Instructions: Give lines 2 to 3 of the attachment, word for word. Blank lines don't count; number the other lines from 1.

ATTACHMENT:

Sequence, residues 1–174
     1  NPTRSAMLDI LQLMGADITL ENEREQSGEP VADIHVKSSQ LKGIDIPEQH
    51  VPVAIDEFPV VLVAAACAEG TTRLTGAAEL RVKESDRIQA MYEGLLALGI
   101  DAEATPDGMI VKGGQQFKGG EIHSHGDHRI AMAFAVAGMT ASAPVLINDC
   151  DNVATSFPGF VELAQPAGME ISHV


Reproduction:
     1  NPTRSAMLDI LQLMGADITL ENEREQSGEP VADIHVKSSQ LKGIDIPEQH
    51  VPVAIDEFPV VLVAAACAEG TTRLTGAAEL RVKESDRIQA MYEGLLALGI